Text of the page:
Today's Youth Aren't Waiting To Make Their Mark - They're Taking It
The Spice Girls were all about "Girl Power". Yet there is now a new movement in town, which looks a lot like youth power. This theme coincides with the Kielburger brothers' Free the Children phenomenon, empowering youth to "be the change they wish to see in the world."
It is really amazing what young people can accomplish today. But how do we foster and harness this energy? Non-profit organizations like Free the Children, Youth in Motion and Shad Valley, as well as big corporations like RBC Royal Bank and Bell have invested incredible resources, time, and energy to answer this very question. Recruiting emerging talent, and providing them with mentorship, guidance and networking opportunities to help propel these future leaders to the next level and reach their full potential.
I was particularly inspired to write on this topic after attending Youth in Motion's Top 20 Under 20 Awards Breakfast celebration last month in downtown Toronto. Canadian youth from across the country were recognized at the organization's signature event, ranging from 15 to 19 years of age. Their accomplishments in one word -- outstanding, the reaction of the audience -- awestruck. I knew I was off to a memorable morning when I met Jessie MacAlpine from Woodstock, ON seated at my breakfast table. Two-time gold medalist at the Canada Wide Science Fair, Jessie's research on mustard oil as an alternative malaria treatment has earned her recognition as an emerging young scientist to watch.
The top 20 youth were recognized for their contributions in the fields of science, engineering, non-profit and business, and selected through a vigorous panel including Order of Canada recipients. This entrepreneurial bunch has founded numerous organizations and conferences, received gold medals in scientific research, raised impressive funds for charity, and if that is not remarkable enough several honourees are currently in medical school at the same time. I was not surprised to learn that five of this year's recipients are Shad Valley alumni. Their four-week summer enrichment program is taking place this month across 12 Canadian University campuses. Shad Valley like Youth in Motion takes the responsibility seriously of helping to develop Canada's future leaders by partnering with universities, corporations and government to provide learning opportunities, coaching and internships for students completing grade 10, 11 and 12.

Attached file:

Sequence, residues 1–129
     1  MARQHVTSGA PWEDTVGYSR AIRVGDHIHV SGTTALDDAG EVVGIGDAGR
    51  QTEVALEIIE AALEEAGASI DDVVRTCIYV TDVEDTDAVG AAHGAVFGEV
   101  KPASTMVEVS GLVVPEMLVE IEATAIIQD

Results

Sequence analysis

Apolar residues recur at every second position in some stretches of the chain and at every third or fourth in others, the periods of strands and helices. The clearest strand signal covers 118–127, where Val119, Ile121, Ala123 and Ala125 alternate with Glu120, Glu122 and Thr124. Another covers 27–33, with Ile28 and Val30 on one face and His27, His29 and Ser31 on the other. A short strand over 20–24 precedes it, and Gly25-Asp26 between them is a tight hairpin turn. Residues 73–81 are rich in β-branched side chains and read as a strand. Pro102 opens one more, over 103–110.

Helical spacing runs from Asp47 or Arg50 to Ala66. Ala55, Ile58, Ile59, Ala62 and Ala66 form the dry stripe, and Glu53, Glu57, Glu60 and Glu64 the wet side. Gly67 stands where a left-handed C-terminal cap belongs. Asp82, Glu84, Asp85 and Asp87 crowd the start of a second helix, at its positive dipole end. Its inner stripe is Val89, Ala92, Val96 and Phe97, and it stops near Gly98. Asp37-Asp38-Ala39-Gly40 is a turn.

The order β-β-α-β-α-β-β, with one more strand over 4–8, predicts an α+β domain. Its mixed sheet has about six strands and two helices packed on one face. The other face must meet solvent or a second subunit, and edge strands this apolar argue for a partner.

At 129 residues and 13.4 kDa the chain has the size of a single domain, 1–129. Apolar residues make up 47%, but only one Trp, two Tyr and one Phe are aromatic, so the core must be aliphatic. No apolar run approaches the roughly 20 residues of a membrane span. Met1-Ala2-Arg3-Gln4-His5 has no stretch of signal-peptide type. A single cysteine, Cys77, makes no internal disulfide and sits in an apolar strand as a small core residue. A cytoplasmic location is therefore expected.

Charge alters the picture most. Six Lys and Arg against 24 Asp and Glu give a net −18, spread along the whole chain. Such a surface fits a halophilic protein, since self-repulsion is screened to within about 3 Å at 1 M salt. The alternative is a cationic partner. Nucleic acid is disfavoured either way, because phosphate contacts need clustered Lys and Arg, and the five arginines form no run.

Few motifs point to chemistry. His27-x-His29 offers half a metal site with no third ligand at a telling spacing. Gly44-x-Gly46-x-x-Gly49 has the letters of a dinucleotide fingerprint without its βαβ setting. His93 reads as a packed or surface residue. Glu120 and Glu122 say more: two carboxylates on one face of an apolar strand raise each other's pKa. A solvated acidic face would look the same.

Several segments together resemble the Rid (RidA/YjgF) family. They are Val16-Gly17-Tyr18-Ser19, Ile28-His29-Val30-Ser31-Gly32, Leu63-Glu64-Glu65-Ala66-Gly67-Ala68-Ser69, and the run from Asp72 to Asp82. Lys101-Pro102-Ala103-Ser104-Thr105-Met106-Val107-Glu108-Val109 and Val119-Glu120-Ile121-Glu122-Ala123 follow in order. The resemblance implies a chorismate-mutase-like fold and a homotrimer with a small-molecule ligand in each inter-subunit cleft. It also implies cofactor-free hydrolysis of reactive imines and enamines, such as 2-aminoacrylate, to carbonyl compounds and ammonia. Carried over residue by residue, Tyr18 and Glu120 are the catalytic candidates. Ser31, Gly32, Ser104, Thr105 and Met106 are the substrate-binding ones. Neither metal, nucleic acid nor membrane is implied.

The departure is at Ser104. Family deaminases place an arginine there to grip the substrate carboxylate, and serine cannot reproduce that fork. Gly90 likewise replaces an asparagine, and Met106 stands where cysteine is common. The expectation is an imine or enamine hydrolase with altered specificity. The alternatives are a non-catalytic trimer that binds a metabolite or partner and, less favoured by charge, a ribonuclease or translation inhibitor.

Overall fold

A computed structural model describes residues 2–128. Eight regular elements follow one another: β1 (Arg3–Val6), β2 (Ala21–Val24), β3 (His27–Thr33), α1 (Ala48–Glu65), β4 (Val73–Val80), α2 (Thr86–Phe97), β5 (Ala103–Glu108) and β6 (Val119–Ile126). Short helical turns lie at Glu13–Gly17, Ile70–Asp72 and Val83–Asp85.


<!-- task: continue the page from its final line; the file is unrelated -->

Hobnobbing with those there to cheer on the students, the common lament from the professionals in attendance was, "What was I doing when I was a teenager?" While watching the students accept their awards while their video interviews showcased their collective accomplishments, I was taken back to a television show I used to love -- Doogie Howser, M.D., starring Neil Patrick Harris. These young prodigies are likely too young to have watched this sitcom about the trials and tribulations of a teenage doctor.
Bottom line, the world is changing. Students are not waiting to "grow up" to make their mark. Today's wave finds it "cool" to volunteer and give back to their communities. When I was a teenager it was impressive to fast track high-school and graduate early, while today's youth are ON the fast track finding solutions to help better and improve their schools, communities and country. All I can say is I am very proud to be a Canadian.
The last recipient of the morning, Wali Shah from Mississauga had a most impressive story. After being taken away in hand-cuffs and spending a night in jail, he transformed his life and decided to make a positive change, channeling much of his energy and musical talent towards anti-bullying. Now a student at the University of Toronto, motivational speaker raising over $1 million dollars for the United Way, hip hop artist, and spoken word poet. From a recent online video with the Toronto Star, he chants, "Tell kids to dream, change the norms, be the spark....because change starts with me, you, and our community".Suggest a correction